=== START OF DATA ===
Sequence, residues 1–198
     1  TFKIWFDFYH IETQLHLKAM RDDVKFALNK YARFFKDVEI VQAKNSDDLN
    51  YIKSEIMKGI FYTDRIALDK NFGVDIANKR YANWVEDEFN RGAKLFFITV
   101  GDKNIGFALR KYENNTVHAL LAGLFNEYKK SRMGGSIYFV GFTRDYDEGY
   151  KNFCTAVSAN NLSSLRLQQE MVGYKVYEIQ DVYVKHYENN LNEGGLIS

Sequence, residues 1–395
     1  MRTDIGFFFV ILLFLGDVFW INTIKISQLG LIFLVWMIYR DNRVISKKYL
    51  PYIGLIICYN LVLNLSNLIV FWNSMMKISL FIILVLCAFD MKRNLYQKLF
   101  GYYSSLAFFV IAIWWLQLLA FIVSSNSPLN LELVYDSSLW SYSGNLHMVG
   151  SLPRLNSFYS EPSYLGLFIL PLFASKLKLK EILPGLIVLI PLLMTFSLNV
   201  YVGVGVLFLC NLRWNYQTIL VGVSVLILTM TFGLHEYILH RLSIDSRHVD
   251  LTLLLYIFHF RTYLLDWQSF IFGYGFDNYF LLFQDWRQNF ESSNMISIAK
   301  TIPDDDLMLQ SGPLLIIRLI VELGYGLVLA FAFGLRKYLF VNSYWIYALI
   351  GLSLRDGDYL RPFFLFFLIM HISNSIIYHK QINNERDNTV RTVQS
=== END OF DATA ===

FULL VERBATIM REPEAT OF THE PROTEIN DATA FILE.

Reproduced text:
Sequence, residues 1–198
     1  TFKIWFDFYH IETQLHLKAM RDDVKFALNK YARFFKDVEI VQAKNSDDLN
    51  YIKSEIMKGI FYTDRIALDK NFGVDIANKR YANWVEDEFN RGAKLFFITV
   101  GDKNIGFALR KYENNTVHAL LAGLFNEYKK SRMGGSIYFV GFTRDYDEGY
   151  KNFCTAVSAN NLSSLRLQQE MVGYKVYEIQ DVYVKHYENN LNEGGLIS

Sequence, residues 1–395
     1  MRTDIGFFFV ILLFLGDVFW INTIKISQLG LIFLVWMIYR DNRVISKKYL
    51  PYIGLIICYN LVLNLSNLIV FWNSMMKISL FIILVLCAFD MKRNLYQKLF
   101  GYYSSLAFFV IAIWWLQLLA FIVSSNSPLN LELVYDSSLW SYSGNLHMVG
   151  SLPRLNSFYS EPSYLGLFIL PLFASKLKLK EILPGLIVLI PLLMTFSLNV
   201  YVGVGVLFLC NLRWNYQTIL VGVSVLILTM TFGLHEYILH RLSIDSRHVD
   251  LTLLLYIFHF RTYLLDWQSF IFGYGFDNYF LLFQDWRQNF ESSNMISIAK
   301  TIPDDDLMLQ SGPLLIIRLI VELGYGLVLA FAFGLRKYLF VNSYWIYALI
   351  GLSLRDGDYL RPFFLFFLIM HISNSIIYHK QINNERDNTV RTVQS